Shadow Science Review – Have your child plan and conduct an investigation to answer these questions: Can your shadow ever appear longer than you are tall? Can your shadow disappear? Students should gather data and then write an answer to the question in which they explain their findings.
    Share your ideas with me at summer.watson@henry.k12.ga.us
     

    Tower Power – Use materials around your house to build the tallest towers you can build. Use blocks if you have them, but also challenge yourself to use creative materials like foil, spaghetti noodles, balloons, or old shoe boxes. Measure each tower you build and create a chart that lists the different materials you used and the height of each tower you created. Consider which materials enabled you to build the tallest tower or the sturdiest tower. Going further: Can you make a tower that is taller than you are? Can you make a tower that will hold a small stuffed animal?

    Comparing Plants – Compare means “to tell how things are the same and different.” Select two plants from your home, yard, or neighborhood to compare. Observe the plants closely. Consider size, shape, color, length of life cycle, seeds, flowers, and any other details you observe. Then, use a Venn diagram to record your comparisons.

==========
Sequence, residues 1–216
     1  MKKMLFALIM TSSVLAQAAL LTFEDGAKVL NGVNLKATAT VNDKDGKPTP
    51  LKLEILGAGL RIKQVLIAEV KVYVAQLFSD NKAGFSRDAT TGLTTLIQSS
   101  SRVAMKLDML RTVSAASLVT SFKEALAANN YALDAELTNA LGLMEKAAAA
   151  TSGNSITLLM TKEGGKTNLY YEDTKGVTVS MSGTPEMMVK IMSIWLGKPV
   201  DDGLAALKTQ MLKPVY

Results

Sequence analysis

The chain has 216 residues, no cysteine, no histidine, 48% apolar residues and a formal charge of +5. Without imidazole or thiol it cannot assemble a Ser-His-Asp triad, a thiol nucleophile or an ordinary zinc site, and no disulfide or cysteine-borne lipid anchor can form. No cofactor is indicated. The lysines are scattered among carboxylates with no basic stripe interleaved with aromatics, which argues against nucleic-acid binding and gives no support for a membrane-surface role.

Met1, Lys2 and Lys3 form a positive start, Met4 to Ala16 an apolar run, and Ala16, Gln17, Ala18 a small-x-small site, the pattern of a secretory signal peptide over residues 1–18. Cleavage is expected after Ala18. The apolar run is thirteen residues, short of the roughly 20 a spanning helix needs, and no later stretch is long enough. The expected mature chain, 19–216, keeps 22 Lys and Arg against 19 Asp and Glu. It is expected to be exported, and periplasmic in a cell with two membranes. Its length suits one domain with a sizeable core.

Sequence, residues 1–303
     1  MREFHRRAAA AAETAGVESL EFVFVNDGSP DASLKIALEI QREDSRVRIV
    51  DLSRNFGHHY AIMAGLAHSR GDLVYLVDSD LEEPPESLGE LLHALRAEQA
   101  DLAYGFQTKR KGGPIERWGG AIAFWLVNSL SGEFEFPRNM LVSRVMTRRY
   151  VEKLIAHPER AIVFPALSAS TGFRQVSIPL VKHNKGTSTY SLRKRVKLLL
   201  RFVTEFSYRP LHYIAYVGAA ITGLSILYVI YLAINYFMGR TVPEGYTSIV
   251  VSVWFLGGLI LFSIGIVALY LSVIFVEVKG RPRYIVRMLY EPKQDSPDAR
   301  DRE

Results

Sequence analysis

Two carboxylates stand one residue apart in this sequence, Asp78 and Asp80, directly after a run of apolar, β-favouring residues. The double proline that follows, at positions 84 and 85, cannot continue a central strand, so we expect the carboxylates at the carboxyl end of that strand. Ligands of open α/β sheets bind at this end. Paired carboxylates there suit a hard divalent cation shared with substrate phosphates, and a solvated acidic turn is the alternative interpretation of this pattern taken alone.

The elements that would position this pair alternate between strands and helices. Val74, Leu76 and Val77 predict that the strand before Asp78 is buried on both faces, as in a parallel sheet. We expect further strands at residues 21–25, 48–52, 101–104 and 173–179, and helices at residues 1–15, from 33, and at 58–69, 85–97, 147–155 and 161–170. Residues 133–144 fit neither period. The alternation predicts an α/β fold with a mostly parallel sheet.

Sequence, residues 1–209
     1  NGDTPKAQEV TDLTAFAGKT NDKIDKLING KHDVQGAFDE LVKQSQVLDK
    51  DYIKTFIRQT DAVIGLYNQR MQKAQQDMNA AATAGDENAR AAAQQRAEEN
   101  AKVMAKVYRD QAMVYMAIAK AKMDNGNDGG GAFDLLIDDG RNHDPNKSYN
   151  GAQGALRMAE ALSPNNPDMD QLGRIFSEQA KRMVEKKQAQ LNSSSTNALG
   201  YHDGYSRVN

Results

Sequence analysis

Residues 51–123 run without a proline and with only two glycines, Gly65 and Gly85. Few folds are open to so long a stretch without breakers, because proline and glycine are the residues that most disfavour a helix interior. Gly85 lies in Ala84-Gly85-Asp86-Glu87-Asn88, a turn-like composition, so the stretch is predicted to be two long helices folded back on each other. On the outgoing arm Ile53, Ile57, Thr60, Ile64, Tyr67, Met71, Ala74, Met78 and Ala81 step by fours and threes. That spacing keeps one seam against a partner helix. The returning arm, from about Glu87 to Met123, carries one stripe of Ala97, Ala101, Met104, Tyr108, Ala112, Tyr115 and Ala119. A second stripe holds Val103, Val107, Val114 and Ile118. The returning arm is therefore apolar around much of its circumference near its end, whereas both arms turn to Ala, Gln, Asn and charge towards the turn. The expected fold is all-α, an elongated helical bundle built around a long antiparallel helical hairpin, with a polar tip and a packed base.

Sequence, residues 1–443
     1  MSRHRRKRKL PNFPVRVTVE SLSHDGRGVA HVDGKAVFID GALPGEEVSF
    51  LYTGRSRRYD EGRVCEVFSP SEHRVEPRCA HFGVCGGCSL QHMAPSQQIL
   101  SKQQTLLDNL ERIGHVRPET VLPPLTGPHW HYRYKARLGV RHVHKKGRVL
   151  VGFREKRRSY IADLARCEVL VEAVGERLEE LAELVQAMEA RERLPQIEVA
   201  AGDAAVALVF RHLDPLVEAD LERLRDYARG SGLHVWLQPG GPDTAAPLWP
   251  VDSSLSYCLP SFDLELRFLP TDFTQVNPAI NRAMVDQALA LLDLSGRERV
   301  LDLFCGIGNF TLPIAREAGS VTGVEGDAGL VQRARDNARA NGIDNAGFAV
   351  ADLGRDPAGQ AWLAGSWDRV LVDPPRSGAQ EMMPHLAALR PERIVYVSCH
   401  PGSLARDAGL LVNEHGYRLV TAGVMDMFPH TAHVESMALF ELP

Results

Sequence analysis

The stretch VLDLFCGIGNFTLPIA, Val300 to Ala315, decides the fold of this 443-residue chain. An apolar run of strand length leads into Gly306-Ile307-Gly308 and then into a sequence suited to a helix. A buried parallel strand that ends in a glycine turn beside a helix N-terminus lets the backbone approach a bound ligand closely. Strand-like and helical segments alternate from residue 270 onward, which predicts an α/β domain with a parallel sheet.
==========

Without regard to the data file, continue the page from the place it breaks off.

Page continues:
Comparing Animals – Select two animals that you either know a lot about or can observe. Compare the animals. Consider size, color, covering (fur, feathers, etc.), life cycle, and any other details you know or observe about the animals. Use a Venn diagram to record your observations.

     

    3rd Grade - Advanced Learning Opportunities that are Non- Digital

    ELA - Fun with Fables!  Have your child read, write, illustrate, and act out fables. Discuss morals and life lessons found in the fables. Tap into your child’s imagination and creativity!
     
    Picture Prompts – Find an interesting picture in a photo album or book you have at home. Have your child use this image as inspiration for his or her own writing - an imaginative story, a poem, a memory...

    Puppet Tales – Have your child design and create puppets to represent the characters in a favorite story. Use the puppets to retell the story.